Between us there was that flicker of instant recognition that arises with new true friends, familiar even though you know none of their backstory.  I don't even know how you met your husband, or what your mom is like, I told her before she arrived.  These are things you know about people you feel connected to.  But then she was here, and as each new piece was revealed something small clicked into place.  You find yourself surprised and completely unsurprised all at once at how perfectly things fit together. 

This weekend comfort and discovery mingled.  I see Meghan as accomplished and brave and grounded, and all those things are true, but with each new fragment of her life she shared I appreciated further the depth of her resilience and authenticity and the power of her dreams.

She thought I seem fearless because so many of my stories featured a Corinna that was unafraid to move boldly through the world.  Of course lately I feel pinned down by fear, but hearing my own stories for the first time again is a reminder that within me there are reservoirs of chutzpah that might yet be accessible.

It was a nourishing weekend on every level, but I wasn't sad when I dropped Meghan at the airport yesterday.  I know that this budding friendship that is shiny and new now will, over time, earn the familiar well-worn patina captured by her beloved Polaroid.


Destruction and Creation

Ezra's teacher told me about a lesson she's been working with him, where she has a collection of small blocks of painted wood.  She asks him to go across the room and get the one that matches in color and then watches as he encounters all the distractions along the way: other children trying to get his attention, other work that might look interesting.  Sometimes he forgets along the way, and she has to remind him what he is meant to be doing.  Sometimes when he arrives at the wooden blocks he can't remember which color he came for.  It's an exercise in concentration and memory.  Some days, she tells me, are better than others.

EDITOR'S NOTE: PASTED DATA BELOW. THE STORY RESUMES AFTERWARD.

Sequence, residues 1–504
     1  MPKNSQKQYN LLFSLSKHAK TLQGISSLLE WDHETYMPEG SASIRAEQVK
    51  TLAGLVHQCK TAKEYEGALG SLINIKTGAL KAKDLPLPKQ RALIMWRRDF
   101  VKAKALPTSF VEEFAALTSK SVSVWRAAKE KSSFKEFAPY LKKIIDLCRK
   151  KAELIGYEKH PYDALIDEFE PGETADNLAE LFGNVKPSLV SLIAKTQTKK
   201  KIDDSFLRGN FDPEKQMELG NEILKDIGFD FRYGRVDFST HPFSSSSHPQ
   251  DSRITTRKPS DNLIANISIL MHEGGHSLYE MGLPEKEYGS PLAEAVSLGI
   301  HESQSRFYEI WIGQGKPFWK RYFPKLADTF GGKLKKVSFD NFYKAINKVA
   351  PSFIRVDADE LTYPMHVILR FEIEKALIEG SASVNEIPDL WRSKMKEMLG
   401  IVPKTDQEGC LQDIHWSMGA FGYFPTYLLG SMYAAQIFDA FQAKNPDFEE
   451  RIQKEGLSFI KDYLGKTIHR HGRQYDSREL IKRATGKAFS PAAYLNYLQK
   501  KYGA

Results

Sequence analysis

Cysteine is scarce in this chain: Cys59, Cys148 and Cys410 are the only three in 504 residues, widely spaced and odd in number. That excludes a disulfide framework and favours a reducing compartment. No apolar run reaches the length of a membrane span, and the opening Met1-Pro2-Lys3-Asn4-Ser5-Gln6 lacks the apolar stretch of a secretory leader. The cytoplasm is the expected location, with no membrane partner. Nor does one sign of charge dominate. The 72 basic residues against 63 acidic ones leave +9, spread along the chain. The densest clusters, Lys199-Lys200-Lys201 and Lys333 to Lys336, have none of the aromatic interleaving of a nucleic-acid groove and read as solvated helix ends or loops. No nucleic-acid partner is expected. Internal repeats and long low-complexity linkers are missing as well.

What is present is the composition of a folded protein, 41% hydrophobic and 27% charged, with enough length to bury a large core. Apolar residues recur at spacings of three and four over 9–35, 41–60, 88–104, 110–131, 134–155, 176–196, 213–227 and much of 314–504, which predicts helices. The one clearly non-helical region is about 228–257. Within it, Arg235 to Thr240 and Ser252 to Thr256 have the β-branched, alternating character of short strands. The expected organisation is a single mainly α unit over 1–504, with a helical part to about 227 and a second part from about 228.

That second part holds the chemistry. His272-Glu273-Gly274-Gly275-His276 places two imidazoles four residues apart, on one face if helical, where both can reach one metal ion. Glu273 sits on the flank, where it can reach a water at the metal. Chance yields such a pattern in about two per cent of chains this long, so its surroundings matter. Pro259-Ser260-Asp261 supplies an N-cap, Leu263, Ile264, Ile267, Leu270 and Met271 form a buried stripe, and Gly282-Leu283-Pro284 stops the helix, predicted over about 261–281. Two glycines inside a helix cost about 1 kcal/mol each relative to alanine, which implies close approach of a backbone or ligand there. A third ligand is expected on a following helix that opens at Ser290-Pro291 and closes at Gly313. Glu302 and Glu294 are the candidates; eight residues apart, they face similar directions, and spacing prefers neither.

I forgot what to dream about.  I know I wrote it down, and I remember that it felt very present to me in the moment, but now it feels like fog.  This urge towards some sort of movement, shift, transformation lingers, but the vision is utterly obscured.  A Montessori teacher might be helpful now.


I look around my comfortable life and wonder: what will have to be destroyed as this seed takes root?  Or maybe I shouldn't even plant it, not knowing after all, what it is I'm trying to bring to fruition.

Jen Lemen gave me a mantra: Nothing is wasted.

Nothing is wasted. Nothing is wasted. Nothing is wasted. Nothing is wasted. Nothing is wasted. Nothing is wasted.

Will's compost pile comes to mind.  Scraps and remnants of once-useful nourishment, creating their own heat.  He turns it into the soil.  Plants the seeds.  And waits.

The seeds do their work in the dark.  We only know later, as green shoots emerge, that the process worked.


I can't even remember if I already planted the seed.  I should keep better records of these things.  I am waiting, wondering if the seed is going to crack open and sprout.

I hope it doesn't hurt.


Gardening by Moonlight

The Farmer's Almanac (and my favorite gardeners) say to plant seeds while the moon is waxing.  Planting them at night is optional.  The thinking is that just as the moon controls the tides, it shifts the way the water moves through the soil.  Seeds are thought to absorb more water as the moon grows full, and to grow into healthier plants.

My mom is one of those gardeners, the keeper of the greenest thumb I know and an expert in nurture.  It occurs to me that she has become highly attuned to fertile ground.  For Christmas, my mom gave me the audio book of Julia Cameron's The Artist's Way.  She knew I was feeling overwhelmed, so she assured me that it's a very affirmative listen even if you're not actually doing the 12-week program Cameron lays out in the book.  She also knows that I'm a sucker for a good idea, especially when it is presented at the right time.  So it probably came as no surprise to her when I called home saying I want to do those morning pages.  That's in the category of cultivate, for sure.